The Impact of Weather on Supply Chains

Extreme weather events, from hurricanes and blizzards to historic flooding, have significant implications for supply chains, freight rates, and road safety. These occurrences can disrupt supply chains, necessitate urgent actions from truckers, increase demand for certain commodities, and delay shipments. Moreover, adverse weather conditions like high winds, ice, and whiteouts pose substantial risks to drivers on the road and the cargo in their trucks. In this blog post, we’ll explore the effects of major weather events on supply chains and highlight the risks involved, including major supply chain disruptions, high winds, and navigating icy roads and whiteouts.

Major Supply Chain Disruptions

Major weather events can cause immediate volatility and long-lasting effects on supply chains, depending on their impact areas. Local and regional supply chains may experience shutdowns, while road closures and business/government office closures further hinder operations. To evacuate areas about to be hit by storms, truckers often rush to transport freight, leading to decreased spot rates as carriers aim to move their drivers and cargo quickly. Conversely, the aftermath of destructive hurricanes triggers an influx of inbound shipments of materials, causing increased spot rates due to heightened demand. Historic flooding can disrupt barges’ transportation routes, requiring alternative methods like trucking or rail, resulting in fluctuating spot rates depending on capacity.

The recovery time from supply chain disruptions can vary significantly depending on the nature and severity of the disruption itself. There is no fixed timeframe for recovery as each situation is unique and influenced by various factors. The best way to avoid major disruptions is to work with an experienced logistics manager who has dealt with these issues before and knows how to properly prepare you to weather the storm.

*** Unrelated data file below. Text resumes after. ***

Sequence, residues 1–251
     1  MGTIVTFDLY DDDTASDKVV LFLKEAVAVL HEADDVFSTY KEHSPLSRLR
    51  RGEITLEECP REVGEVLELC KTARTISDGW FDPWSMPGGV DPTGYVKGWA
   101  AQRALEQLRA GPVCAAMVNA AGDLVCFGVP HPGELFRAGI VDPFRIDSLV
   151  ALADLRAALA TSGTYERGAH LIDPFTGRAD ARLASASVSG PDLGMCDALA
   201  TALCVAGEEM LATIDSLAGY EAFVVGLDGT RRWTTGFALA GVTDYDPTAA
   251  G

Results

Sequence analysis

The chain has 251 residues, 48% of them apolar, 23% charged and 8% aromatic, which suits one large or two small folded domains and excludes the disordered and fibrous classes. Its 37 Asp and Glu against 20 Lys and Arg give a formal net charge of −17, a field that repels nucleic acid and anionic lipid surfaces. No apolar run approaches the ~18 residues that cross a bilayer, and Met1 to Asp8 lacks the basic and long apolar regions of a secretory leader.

High Winds

Truckers face one of Mother Nature’s toughest challenges in the form of high winds. Dry vans and reefers are particularly prone to blow-overs due to their large surface areas, especially when hauling empty trailers. Crosswinds perpendicular to the trailer are the most dangerous, while strong headwinds reduce fuel efficiency and increase operating costs.

Although there is no set wind speed considered universally risky, professional drivers often consider anything over 60 mph as hazardous. Wind speeds between 40 and 59 mph can also cause problems depending on the load weight, with gusts often presenting a greater threat than sustained winds. High winds are major disruptors in the transportation process and must be taken seriously to avoid major damage and disruptions.

Navigating Icy Roads and Whiteouts

Ice and whiteouts are among the most dangerous weather conditions drivers face. Black ice, which forms in the early morning hours, presents a significant risk, as it is challenging to detect and can catch tired and less alert drivers off guard. Icy roads can form when the air temperature falls below freezing or when precipitation freezes upon impact. Whiteouts occur when the sky and snow blend into a similar whiteness, severely limiting or completely obstructing visibility. Such conditions can lead to pile-ups and prolonged disruptions to supply chains, blocking interstates for days.

Still Have Questions?

If you still have any questions about how inclement weather impacts supply chains, contact us at LogiWorld and we’ll be happy to answer any questions you have!

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